But, in fact his uncle Zelig's death awakened something in him more than just curiosity; the desire to be a Chassid.
Two years later in the middle of the night, Shraga's other son (who we will call Yehuda) heard a knock at the window and turned to see Mordechi standing outside.
He let him in, they hugged for a long time but when Mordechi told him where he had been Yehuda jumped back as though bitten by a snake. He looked at his brother in horror but the horror faded when Mordechi began to explain some of the ideas he heard there; how every Jew is holy, G-d loves all mankind, creates the universe constantly, the Torah and its commandments connect to the Creator.
Mordechi saw that Yehuda wasn't going to turn him in and he pulled out a small page and gave it to him.
Upon was written in Hebrew.
"If this person comes into your camp, don’t kill him."
Mordechi explained, "Take this. It's from the Rebbe. Before I left there I went in to him for a blessing because I was afraid that they would kill me like they did uncle Zelig and he gave me this. It seems that it's working. At least you didn't kill me."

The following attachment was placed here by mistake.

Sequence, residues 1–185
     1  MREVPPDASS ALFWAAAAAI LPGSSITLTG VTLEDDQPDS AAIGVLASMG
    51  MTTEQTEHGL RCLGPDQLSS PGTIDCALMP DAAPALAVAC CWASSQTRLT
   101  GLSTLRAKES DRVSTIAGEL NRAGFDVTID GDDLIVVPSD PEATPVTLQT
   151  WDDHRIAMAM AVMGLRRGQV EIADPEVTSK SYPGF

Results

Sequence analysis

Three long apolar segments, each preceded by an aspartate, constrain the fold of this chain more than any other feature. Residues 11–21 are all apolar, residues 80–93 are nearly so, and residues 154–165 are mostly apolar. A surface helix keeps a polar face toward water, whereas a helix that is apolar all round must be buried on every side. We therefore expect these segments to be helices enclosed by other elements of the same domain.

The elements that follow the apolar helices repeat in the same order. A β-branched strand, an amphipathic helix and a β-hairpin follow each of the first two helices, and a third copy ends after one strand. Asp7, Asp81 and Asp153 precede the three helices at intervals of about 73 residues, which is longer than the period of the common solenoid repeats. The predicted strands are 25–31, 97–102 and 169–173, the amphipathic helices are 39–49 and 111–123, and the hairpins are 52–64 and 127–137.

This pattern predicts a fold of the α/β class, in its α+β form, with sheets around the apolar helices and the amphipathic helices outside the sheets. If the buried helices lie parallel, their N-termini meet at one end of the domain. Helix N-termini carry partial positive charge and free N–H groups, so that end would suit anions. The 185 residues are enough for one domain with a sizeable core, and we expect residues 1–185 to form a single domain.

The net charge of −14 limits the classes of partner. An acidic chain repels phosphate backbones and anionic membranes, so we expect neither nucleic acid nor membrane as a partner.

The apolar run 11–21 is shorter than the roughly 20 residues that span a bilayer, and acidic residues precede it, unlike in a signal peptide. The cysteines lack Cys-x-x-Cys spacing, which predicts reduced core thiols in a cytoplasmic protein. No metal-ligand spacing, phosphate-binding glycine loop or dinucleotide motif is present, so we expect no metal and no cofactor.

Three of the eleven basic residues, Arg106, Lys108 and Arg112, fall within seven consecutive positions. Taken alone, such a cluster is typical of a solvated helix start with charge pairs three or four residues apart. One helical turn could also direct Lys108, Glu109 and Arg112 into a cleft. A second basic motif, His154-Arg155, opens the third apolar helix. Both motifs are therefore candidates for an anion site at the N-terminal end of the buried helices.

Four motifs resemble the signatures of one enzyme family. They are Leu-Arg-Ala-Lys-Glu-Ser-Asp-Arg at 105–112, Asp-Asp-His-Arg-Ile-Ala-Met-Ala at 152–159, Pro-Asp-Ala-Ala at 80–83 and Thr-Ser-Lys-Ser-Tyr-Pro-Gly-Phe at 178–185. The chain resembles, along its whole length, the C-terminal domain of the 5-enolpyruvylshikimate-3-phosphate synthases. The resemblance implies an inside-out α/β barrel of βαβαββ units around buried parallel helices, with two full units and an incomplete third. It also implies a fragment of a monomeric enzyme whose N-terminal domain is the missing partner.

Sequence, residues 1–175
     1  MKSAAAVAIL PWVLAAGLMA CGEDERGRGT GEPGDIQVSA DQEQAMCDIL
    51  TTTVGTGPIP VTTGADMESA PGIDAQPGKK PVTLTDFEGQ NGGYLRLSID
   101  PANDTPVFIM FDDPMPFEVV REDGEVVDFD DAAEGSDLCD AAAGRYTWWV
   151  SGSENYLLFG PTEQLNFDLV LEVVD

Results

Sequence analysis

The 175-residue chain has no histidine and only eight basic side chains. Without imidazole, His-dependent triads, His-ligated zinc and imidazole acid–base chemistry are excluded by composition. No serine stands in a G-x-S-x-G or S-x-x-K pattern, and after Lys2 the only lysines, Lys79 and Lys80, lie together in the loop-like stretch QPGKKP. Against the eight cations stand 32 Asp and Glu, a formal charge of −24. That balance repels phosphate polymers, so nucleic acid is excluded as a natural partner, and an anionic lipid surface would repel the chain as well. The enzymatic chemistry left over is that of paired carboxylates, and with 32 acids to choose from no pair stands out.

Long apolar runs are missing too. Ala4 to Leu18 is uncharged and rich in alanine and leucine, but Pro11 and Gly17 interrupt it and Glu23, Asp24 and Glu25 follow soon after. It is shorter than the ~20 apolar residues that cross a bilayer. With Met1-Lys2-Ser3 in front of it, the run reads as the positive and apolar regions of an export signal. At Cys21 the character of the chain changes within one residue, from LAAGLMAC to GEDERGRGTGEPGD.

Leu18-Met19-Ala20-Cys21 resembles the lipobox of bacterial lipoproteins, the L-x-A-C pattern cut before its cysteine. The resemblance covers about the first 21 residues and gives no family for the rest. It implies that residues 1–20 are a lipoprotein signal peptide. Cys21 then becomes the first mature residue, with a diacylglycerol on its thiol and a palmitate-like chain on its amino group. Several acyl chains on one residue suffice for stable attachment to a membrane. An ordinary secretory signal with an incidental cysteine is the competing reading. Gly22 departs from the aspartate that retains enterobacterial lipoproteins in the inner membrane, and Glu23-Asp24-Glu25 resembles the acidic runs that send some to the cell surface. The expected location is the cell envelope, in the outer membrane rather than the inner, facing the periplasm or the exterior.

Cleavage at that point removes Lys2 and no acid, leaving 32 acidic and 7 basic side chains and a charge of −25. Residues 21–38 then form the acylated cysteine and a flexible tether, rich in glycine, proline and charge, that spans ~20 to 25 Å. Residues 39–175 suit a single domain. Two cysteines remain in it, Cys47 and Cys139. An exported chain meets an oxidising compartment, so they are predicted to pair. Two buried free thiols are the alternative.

Yehuda had to think fast; memories of uncle Zelig's death danced in his mind. If anyone discovered them it might mean big trouble. He told Mordechi to go to the synagogue adjoining their house and wait inside until he thought of something.
Mordechi did as he was told. It was almost midnight and the room was abandoned, only him and G-d. He stood for a while then opened his prayer book to say the evening prayer and before he knew it he was in a different world. He was singing to the Creator. Words of longing, trust, hope and love were in his mind and on his lips. He was swaying back and forth, singing a slow Chassidic song with his eyes closed in devotion.
The sweet singing from the synagogue next to his house woke Shraga from his sleep.. He sat up, listened for a few minutes washed his hands, got dressed and followed the sound like a baby to its mother's voice. He had to find what it was.
In moments he was peeking into the window of the Synagogue but the light was too dim. Suddenly his son Yehuda 'happened' to walk by pretended to also listen and finally told him that he recognized the voice. It was that of his brother, Mordechi.